A video in the Globe and Mail’s multimedia centre presented some more interesting points of debate to follow our observations from ‘across the pond.’

The video discussed a prevalent sentiment among young Italian women. For these women, using one’s sexuality to sell things is NOT part of the process of objectification. Indeed, the prevalence and tolerance of highly sexualized advertisements for everything from cellphones to, well, just about anything else, seems to indicate that ‘sex sells’ in Italy. More frighteningly, it also belies the extent to which such sentiment is just ‘part of the daily routine,’ for Italians.

The video references a news show show on a major* network during prime time where two scantily clad females dance in front of the male news anchors. Apparently, the news just isn’t interesting enough for Italians; indeed, there is nothing ‘new’ about this news, it’s an old story. In equally primitive terms: man objectifies woman, woman becomes property and proof of his importance.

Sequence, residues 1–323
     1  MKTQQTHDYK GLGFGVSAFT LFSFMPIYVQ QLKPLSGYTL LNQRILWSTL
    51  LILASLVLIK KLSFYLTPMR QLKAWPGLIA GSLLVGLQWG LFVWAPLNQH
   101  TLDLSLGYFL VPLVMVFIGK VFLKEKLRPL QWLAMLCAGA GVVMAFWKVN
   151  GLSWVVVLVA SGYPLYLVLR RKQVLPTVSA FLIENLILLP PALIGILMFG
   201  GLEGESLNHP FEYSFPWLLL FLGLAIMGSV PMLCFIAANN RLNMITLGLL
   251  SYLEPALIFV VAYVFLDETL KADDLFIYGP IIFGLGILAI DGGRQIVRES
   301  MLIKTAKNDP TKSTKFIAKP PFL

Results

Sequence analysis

Two interesting women are interviewed in the video. The first, Lilii Gruber, was the first female news anchor in Italy, and is now a member of European Parliament. Lilli observes that many young Italian women feel it is easier to get by on their looks, and they succumb to the chauvinism which seems to run rampant in Italy.
The second ‘powerful woman’ is the minister for equal opportunity Barbara Pollastrini, she says she is “disgusted by the continual objectification she sees in Italian media.” However, she notes there is a rising group of Italian women who are beginning to shift the balance of opportunity, which at present is so heavily weighted in favour of men.

Nonetheless, that chauvinism is so prevalent, and more disturbingly, so prevalently embraced by many women makes me think: how far does feminism extend?
Is the feminism we espouse here a function of our culture–indeed, does the Anglo conservatism which underlies Canadian culture make it easier for us to understand the problems which arise with sexualizing daily life? This may be slightly offensive to some, but I speak from my own experience, and I simply wonder what it is that makes these women so inclined to accept such a position in life–it can’t be, as Gruber suggests, simply because it’s easier, can it? Why has chauvinism been so openly embraced, or rather, ignored by Italian culture?